Conciliation and arbitration became compulsory support mechanisms for industrial regulation in Australia and, unlike in other international contexts where the term “conciliation” is often used interchangeably with “mediation”, conciliation came to be understood as a preliminary, short-sharp, directive dispute resolution process within a jurisdictional or statutory context, and preparatory to an arbitrated or adjudicative determination. Its use spread from industrial relations to other jurisdictions where it has become institutionalised often as a compulsory process: for example, family law, anti-discrimination, workers’ compensation, retail tenancy, health complaints and various courts and tribunals.

Search and apply for opportunities within the Civil Service.

In the 1982 Amendment to the Trade Union Act, the role of trade unions was defined as promoting good industrial relations between workers and employers; improving working conditions; and improving productivity for the mutual benefit of workers, employers, and the country.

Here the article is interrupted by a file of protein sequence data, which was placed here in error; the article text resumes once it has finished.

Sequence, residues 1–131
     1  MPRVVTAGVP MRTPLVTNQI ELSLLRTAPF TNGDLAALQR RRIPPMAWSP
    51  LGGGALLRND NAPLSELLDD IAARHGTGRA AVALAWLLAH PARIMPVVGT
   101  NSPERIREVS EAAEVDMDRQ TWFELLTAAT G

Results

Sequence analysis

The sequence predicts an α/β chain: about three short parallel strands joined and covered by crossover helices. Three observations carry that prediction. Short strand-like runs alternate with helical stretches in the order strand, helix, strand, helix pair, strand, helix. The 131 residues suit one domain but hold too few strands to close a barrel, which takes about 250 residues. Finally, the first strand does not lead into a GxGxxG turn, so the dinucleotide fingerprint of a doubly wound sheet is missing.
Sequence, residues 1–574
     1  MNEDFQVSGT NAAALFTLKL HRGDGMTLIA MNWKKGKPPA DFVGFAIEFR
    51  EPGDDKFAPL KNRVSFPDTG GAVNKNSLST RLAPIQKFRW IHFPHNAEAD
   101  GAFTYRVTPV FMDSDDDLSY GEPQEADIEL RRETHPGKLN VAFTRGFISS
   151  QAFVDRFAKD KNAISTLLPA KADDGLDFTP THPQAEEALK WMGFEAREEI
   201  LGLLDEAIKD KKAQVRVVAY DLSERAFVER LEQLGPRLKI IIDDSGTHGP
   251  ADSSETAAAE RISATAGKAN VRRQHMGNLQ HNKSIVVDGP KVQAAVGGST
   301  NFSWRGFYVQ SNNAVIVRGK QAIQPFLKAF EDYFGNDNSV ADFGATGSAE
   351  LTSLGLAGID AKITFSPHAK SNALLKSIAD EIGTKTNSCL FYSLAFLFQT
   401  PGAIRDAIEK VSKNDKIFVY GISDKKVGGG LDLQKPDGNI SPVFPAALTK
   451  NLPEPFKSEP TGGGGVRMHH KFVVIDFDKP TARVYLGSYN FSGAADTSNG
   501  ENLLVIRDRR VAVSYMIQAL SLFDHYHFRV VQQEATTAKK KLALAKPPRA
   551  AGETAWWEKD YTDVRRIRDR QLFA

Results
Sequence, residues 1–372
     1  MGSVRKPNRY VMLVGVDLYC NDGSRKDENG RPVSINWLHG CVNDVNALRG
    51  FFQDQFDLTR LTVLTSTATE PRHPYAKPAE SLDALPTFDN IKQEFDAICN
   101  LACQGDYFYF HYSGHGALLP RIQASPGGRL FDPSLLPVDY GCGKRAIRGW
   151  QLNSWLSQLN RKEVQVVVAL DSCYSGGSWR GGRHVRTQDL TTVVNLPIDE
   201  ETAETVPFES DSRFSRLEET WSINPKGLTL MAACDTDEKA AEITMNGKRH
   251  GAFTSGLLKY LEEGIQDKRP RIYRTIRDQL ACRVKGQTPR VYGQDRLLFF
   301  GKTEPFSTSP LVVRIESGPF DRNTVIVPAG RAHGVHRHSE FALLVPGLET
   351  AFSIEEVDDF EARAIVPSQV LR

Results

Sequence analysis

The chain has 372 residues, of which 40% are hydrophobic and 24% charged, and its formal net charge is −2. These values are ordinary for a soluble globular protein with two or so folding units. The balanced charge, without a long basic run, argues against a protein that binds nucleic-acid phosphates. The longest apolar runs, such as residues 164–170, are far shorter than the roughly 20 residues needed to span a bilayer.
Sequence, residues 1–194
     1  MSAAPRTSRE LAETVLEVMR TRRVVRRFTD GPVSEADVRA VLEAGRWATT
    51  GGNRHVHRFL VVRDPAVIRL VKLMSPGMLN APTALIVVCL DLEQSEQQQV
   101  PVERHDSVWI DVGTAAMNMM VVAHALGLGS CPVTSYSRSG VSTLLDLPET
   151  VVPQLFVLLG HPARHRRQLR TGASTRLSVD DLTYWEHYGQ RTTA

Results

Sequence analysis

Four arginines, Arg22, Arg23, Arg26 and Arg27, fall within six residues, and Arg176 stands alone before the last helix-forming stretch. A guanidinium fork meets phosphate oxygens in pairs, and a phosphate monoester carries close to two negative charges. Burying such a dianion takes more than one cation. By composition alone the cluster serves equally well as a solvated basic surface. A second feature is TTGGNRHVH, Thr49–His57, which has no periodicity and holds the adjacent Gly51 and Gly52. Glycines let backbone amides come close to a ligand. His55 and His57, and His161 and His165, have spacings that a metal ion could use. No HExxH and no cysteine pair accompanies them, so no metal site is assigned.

South Africa - Role of the Government in the Economy

A further contextual factor in conciliation in Australia has been the adoption of facilitative mediation in the development of the accreditation of dispute resolution professionals. The NMAS standards did not make a clear distinction between the profession of mediator and conciliator but instead provided for a form of self-definition by practitioners. Conciliation has thus come to be defined with reference to the facilitative paradigm and so it is often described as a “blended” or ”hybrid” process, rather than a practice with a discrete philosophical and practice basis. Given that tens of thousands of conciliation meetings take place each year in Australia and that many (hybrid) forms of mediation practice have also developed to meet market needs or even legislated for in law, the current status of conciliation is an under-recognition of the significance and impact of conciliation in the administration of justice in public agencies, courts and tribunals. It also misrepresents the blurring of conciliation and mediation in practice.